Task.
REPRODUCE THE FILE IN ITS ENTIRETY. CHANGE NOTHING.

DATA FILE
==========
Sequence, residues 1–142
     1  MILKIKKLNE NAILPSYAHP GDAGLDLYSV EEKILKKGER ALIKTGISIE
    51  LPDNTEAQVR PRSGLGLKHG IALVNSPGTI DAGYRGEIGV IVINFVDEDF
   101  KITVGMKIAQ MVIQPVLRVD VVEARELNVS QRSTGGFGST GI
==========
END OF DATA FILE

Sequence, residues 1–142
     1  MILKIKKLNE NAILPSYAHP GDAGLDLYSV EEKILKKGER ALIKTGISIE
    51  LPDNTEAQVR PRSGLGLKHG IALVNSPGTI DAGYRGEIGV IVINFVDEDF
   101  KITVGMKIAQ MVIQPVLRVD VVEARELNVS QRSTGGFGST GI